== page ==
# The surprise

Duncan Watts and Steven Strogatz's discovery came about when they simulated various kinds of networks between the extremes of a locally connected network and a randomly connected network. This can be explained in terms of all the people in the hall as previously described, but, a few of them having mobile telephones that enables them to pass a message to somebody in a distant part of the hall. This is illustrated in figure 4, where small local clusters contain at least one node that has a random connection to a distant node.

## Figure 4 - Local clusters mixed with random links

Effectively, the kind of computer simulations Watts and Strogatz analyzed on their computer was to see how the average minimum number of links needed, to transfer messages between any pair of people, was affected by the proportion of people who had mobile phones. If nobody had a mobile phone, the system would represent a locally connected network. If they all had mobile phones the system would represent a randomly connected network. Watts and Strogatz wanted to find out how the efficiency (minimum number of links between sender and target recipient) varied between these two extremes.

Computer simulations showed that randomly connected networks needed far fewer links to connect to nodes than locally connected networks. The surprise came when they started adding random links to the locally connected network. Instead of the network slowly becoming more efficient, as more and more links were changed from local to random, they found the efficiency jumped up to near the efficiency of a randomly connected network as soon as only a very small number of nodes were randomly connected.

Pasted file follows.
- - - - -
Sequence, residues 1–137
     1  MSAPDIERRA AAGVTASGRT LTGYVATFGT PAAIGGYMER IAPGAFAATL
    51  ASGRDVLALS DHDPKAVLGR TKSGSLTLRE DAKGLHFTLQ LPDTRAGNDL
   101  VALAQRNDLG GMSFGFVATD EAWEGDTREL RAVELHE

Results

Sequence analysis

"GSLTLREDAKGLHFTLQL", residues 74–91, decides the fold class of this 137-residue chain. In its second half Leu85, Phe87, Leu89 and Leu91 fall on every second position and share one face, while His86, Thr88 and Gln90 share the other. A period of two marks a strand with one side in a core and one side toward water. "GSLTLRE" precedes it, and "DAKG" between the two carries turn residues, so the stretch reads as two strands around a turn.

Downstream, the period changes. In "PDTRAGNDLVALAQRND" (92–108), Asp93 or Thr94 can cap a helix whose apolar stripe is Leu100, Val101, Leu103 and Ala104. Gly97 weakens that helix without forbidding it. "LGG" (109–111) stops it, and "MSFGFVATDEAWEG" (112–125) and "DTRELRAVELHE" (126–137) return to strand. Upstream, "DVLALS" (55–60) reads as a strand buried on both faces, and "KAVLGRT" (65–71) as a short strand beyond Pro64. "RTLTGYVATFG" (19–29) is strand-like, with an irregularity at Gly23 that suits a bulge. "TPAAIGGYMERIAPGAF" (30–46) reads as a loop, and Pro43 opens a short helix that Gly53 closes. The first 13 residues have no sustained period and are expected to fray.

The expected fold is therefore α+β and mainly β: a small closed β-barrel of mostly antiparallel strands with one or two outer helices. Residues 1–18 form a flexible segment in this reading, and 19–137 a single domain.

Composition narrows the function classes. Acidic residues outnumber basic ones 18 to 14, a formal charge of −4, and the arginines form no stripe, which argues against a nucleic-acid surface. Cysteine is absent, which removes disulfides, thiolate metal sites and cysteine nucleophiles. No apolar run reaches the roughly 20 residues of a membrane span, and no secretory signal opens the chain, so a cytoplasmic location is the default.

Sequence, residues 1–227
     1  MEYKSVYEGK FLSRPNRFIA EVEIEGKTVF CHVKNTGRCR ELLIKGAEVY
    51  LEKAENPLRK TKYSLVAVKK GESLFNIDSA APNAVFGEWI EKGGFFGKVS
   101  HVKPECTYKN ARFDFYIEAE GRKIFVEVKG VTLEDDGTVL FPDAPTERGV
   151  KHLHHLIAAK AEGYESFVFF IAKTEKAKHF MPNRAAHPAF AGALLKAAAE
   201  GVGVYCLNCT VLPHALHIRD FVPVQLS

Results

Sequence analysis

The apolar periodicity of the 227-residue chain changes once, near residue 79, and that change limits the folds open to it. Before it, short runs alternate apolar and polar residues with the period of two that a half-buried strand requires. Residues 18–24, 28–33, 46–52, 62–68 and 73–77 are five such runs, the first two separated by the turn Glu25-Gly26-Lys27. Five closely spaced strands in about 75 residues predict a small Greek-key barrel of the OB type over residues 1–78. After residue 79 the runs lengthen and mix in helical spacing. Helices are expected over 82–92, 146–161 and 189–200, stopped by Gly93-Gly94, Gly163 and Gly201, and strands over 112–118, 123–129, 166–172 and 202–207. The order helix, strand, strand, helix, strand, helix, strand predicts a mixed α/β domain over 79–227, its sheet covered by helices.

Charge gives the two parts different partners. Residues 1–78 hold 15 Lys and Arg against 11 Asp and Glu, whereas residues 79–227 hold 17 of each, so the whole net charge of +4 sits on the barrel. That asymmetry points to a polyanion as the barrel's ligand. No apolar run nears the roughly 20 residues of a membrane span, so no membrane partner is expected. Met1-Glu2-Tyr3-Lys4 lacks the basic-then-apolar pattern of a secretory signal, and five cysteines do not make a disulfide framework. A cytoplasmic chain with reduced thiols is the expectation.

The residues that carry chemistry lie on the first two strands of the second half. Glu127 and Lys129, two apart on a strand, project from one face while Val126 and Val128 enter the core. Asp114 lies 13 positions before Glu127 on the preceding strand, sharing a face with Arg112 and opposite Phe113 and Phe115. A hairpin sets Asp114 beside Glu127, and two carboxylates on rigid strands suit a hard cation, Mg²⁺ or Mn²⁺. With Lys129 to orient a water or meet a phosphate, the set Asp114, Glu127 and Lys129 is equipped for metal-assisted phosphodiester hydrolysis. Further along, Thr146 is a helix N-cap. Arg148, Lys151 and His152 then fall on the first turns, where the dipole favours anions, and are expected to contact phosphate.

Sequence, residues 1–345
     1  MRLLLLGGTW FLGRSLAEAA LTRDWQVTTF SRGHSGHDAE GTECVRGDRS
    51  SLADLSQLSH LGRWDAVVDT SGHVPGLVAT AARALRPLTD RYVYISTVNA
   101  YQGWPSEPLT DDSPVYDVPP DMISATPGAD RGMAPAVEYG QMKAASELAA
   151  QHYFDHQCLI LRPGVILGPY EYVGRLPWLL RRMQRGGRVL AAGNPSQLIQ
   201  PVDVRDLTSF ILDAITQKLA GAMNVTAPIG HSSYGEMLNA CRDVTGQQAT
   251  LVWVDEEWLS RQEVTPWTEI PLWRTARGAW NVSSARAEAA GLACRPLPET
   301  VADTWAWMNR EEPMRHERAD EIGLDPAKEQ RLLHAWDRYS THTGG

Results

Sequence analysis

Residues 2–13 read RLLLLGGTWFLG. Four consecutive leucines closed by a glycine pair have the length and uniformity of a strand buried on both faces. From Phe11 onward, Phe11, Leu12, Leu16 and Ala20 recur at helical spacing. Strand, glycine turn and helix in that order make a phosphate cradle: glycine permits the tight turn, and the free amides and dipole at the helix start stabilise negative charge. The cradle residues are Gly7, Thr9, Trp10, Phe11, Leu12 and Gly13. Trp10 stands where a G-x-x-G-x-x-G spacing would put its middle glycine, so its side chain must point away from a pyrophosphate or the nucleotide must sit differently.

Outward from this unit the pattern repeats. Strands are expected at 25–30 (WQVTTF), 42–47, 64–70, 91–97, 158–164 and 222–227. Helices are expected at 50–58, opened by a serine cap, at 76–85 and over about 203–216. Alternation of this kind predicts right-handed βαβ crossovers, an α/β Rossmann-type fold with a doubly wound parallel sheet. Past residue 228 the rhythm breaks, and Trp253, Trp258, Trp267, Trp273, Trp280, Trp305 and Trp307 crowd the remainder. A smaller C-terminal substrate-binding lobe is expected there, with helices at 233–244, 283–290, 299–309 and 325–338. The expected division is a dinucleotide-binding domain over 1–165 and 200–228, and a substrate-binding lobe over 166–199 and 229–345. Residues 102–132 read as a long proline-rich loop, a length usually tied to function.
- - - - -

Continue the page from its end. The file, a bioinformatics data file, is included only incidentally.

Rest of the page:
These simulations can be visualized by again imagining the hall full of people. Then, a probability number is used to decide whether or not each person gets to have a mobile phone (complete with a small list of the telephone numbers of other people randomly distributed around the hall). A probability of 1 will give everyone a mobile phone, a probability of 0 will give nobody a mobile phone. Applying a probability of 0.1 to each person (one chance in ten) will give about one in ten of them a phone and a probability of 0.8 will give about eighty percent of them a phone.

The simulations start with a very small probability (say, .01 – where only one in a hundred get a mobile phone and a small list of numbers) and calculating the average number of links needed to transfer messages between different pairs of people. Then this calculation is repeated again and again as the probability is slowly increased (and more people have phones). They then plot a graph to show how the efficiency (minimum number of links to transfer messages between people) changes with the change in the number of people who have mobile phones.

The results showed that if only a few random links are placed into the network (just a few people have mobile phones) the efficiency, or least number of links between nodes, is almost the same as if all the connections were random (everyone having a mobile phone).

This is like saying that message passing between a hall full of people - where only a few of them have mobile phones (each with a limited list of the numbers of other people in the hall) - is almost as efficient as if everyone in the hall had a mobile phone (each with a limited list of the numbers of other people in the hall). This was an unexpected result – causing great surprise because it is counter intuitive.